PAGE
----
Running the Benchmark!

Checkout the following branch:

git checkout p1-c3-raw-threads-and-future-tasks

As before, you can run the benchmarks with the runBenchmarks task. You'll find the new implementation listed in the output as BenchmarkRunner.benchmarkRawThreadsWithFutureTasks:

./gradlew runBenchmarks

For me, these were the second-fastest nearly as fast as ParallelStreams. How did they perform for you?

Benchmark Mode Cnt Score Error Units
BenchmarkRunner.benchmarkMultiProcess thrpt 20 1.514 ± 0.174 ops/s
BenchmarkRunner.benchmarkParallelStream thrpt 20 47.493 ± 5.298 ops/s
BenchmarkRunner.benchmarkRawThreadsWithFutureTasks thrpt 20 30.258 ± 1.528 ops/s
BenchmarkRunner.benchmarkSingleProcess thrpt 20 13.015 ± 1.499 ops/s

As you've seen, using bare threads puts the responsibility of handling how threads behave in your hands. The more complex your application, the more useful this power can be as you get to decide which threads you need to create and which threads you want to wait on for a result.

Let's Recap!

  • Threads are objects that get executed concurrently inside a single JVM sharing its memory and other resources. They are executed asynchronously, outside of your control, and depend on the JRE's Thread Scheduler to even run.  

  • Threads can have one of several ThreadStates depending on what the thread scheduler has decided to do with it:

    • NEW- the thread has been created but not submitted to the scheduler.

    • RUNNABLE- the thread is currently being run by the JVM.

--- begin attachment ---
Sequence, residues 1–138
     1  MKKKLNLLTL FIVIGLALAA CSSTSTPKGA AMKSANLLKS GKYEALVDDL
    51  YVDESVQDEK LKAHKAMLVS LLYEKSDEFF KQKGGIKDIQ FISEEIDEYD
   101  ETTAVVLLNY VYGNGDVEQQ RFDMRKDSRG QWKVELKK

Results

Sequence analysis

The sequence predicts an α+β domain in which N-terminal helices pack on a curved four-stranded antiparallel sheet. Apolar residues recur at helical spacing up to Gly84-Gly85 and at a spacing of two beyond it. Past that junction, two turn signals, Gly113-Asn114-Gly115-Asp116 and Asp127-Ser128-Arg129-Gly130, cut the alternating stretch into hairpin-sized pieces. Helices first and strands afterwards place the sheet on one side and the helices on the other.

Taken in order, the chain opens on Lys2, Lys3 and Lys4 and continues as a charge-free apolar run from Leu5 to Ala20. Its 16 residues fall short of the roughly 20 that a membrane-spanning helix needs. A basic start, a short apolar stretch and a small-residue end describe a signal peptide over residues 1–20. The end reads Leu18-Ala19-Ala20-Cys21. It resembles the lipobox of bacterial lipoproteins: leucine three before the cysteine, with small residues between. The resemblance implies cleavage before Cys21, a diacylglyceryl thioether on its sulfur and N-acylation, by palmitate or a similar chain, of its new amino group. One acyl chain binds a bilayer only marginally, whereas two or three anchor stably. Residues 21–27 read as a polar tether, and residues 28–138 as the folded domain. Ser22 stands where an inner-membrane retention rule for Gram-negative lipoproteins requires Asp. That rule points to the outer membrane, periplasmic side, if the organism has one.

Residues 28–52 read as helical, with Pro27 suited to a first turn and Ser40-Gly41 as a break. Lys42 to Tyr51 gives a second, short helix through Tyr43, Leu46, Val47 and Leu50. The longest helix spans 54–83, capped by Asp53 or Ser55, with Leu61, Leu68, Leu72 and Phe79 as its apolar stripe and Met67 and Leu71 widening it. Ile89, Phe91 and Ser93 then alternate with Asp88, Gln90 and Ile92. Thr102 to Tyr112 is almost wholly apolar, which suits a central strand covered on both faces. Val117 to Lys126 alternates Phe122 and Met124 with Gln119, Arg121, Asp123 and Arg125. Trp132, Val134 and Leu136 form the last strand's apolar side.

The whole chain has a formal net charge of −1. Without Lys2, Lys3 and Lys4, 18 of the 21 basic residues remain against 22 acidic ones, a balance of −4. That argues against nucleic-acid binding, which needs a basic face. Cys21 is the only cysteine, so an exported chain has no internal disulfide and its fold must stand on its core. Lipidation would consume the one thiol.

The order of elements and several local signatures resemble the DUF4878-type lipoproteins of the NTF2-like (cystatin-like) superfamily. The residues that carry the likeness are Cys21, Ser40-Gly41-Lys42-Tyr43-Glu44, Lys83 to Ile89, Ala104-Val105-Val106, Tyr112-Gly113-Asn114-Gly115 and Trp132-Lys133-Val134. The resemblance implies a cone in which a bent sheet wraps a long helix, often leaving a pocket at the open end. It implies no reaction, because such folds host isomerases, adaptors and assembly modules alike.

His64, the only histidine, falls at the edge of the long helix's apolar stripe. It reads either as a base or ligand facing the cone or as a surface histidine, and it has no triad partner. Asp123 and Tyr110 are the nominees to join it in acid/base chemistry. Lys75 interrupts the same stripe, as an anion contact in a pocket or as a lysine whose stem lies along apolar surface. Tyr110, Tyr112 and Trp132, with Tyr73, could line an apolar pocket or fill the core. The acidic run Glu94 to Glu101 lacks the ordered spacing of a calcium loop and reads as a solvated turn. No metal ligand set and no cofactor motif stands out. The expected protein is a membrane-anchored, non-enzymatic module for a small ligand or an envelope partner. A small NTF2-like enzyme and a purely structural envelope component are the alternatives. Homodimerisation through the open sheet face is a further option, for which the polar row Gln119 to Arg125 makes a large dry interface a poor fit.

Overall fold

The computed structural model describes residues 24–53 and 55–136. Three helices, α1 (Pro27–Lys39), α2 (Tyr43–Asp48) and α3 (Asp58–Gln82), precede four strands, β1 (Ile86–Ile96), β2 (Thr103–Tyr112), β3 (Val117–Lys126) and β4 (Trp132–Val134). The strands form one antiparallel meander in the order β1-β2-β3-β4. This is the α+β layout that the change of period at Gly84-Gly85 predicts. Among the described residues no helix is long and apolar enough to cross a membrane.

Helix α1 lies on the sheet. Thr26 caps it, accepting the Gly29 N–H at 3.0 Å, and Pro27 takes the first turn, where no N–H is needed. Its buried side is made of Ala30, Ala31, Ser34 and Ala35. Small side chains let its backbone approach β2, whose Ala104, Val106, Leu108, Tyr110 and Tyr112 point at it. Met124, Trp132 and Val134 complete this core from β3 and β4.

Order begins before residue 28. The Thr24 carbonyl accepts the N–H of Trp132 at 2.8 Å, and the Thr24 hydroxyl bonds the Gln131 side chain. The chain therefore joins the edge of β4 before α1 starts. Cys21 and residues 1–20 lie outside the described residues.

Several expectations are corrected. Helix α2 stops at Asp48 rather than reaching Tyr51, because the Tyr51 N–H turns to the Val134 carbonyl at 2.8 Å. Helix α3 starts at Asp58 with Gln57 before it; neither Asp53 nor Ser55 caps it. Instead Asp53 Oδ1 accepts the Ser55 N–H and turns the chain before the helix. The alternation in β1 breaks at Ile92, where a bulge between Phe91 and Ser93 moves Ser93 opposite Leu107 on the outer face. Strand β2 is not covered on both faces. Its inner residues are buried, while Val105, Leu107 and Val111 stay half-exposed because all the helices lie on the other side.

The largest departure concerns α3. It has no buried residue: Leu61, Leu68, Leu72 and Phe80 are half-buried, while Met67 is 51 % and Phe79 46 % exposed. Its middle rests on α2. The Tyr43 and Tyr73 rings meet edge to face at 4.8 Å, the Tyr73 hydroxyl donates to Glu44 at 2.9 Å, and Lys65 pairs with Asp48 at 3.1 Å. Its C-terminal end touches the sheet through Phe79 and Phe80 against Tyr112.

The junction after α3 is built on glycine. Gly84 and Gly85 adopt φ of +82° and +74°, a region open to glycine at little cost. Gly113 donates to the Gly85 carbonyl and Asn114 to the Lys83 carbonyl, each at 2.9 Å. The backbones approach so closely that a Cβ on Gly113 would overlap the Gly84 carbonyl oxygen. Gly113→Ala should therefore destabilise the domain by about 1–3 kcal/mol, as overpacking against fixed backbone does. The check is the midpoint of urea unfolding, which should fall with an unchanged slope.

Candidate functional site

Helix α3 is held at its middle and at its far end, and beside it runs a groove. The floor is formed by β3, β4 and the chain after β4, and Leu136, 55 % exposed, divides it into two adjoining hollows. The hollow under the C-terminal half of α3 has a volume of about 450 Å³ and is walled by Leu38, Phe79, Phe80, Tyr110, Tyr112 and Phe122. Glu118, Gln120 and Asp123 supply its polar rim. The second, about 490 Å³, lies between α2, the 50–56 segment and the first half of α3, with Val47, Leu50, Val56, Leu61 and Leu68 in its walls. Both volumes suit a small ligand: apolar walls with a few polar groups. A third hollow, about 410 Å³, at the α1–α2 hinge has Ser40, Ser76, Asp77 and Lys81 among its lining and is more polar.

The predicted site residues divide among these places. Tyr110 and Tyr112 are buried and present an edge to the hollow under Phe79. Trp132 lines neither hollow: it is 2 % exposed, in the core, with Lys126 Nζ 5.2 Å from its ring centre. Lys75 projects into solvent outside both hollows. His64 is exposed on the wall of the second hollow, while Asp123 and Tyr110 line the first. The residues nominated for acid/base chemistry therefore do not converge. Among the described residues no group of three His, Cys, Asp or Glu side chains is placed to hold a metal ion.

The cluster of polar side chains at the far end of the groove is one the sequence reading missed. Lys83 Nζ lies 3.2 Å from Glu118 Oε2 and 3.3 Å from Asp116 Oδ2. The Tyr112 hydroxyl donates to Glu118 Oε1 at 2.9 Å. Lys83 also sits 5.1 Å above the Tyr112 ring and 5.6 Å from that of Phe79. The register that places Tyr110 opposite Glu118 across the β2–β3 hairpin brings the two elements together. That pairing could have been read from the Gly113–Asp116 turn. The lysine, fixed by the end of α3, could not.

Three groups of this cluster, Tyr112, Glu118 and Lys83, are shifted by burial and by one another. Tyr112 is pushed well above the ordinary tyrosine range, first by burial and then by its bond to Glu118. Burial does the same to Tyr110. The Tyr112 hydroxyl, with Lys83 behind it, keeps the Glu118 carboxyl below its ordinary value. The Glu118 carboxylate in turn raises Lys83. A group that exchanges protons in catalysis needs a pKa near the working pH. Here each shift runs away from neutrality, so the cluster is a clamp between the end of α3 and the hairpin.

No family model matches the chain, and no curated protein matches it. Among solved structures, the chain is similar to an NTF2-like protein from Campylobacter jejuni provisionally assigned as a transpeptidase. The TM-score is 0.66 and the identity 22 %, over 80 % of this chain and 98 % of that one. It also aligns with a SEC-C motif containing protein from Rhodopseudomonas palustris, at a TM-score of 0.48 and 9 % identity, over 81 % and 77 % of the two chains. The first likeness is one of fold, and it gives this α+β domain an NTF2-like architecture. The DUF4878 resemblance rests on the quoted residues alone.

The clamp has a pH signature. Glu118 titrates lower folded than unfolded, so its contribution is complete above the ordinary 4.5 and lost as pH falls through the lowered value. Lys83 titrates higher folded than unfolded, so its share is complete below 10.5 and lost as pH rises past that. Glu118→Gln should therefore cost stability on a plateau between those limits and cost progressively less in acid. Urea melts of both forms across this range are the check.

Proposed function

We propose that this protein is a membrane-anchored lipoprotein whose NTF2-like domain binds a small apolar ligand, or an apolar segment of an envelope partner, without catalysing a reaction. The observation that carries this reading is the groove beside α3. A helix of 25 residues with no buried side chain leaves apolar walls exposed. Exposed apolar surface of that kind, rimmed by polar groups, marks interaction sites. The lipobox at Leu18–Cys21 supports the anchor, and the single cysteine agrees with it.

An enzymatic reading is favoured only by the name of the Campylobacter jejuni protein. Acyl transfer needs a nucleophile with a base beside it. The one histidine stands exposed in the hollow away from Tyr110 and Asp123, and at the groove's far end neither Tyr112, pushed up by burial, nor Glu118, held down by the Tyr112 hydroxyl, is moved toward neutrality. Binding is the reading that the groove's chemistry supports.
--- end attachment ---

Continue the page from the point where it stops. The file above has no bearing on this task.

• TIME WAIT- the thread is sleeping for a fixed interval.

    • WAITING- the thread has been suspending while it waits for a condition to reactivate it.

    • BLOCKED - the thread is in the process of going from WAITING to RUNNABLE.

    • TERMINATED- the thread has finished its work and been released by the scheduler.

  • Creating your own threads gives you low-level control over how and when your threads run. A thread can be created by either extending the thread class OR providing a Runnable to its constructor.

    • You can create a Runnable by implementing the Runnable interface. It has one void method  run(), which can't return any results.

    • If you want a result back from your lambda, you can create an instance of a Callable and wrap it inside a Runnable such as a FutureTask.

    • A FutureTask is a Java concurrency class that implements both Runnable and the Future interface. We use it to run a Callable inside a thread. This has one  .get()  method, which you can call to get the result back from the Callable run by the FutureTask.

In the next chapter, we'll look at the power of thread pools and futures to manage the work in our application!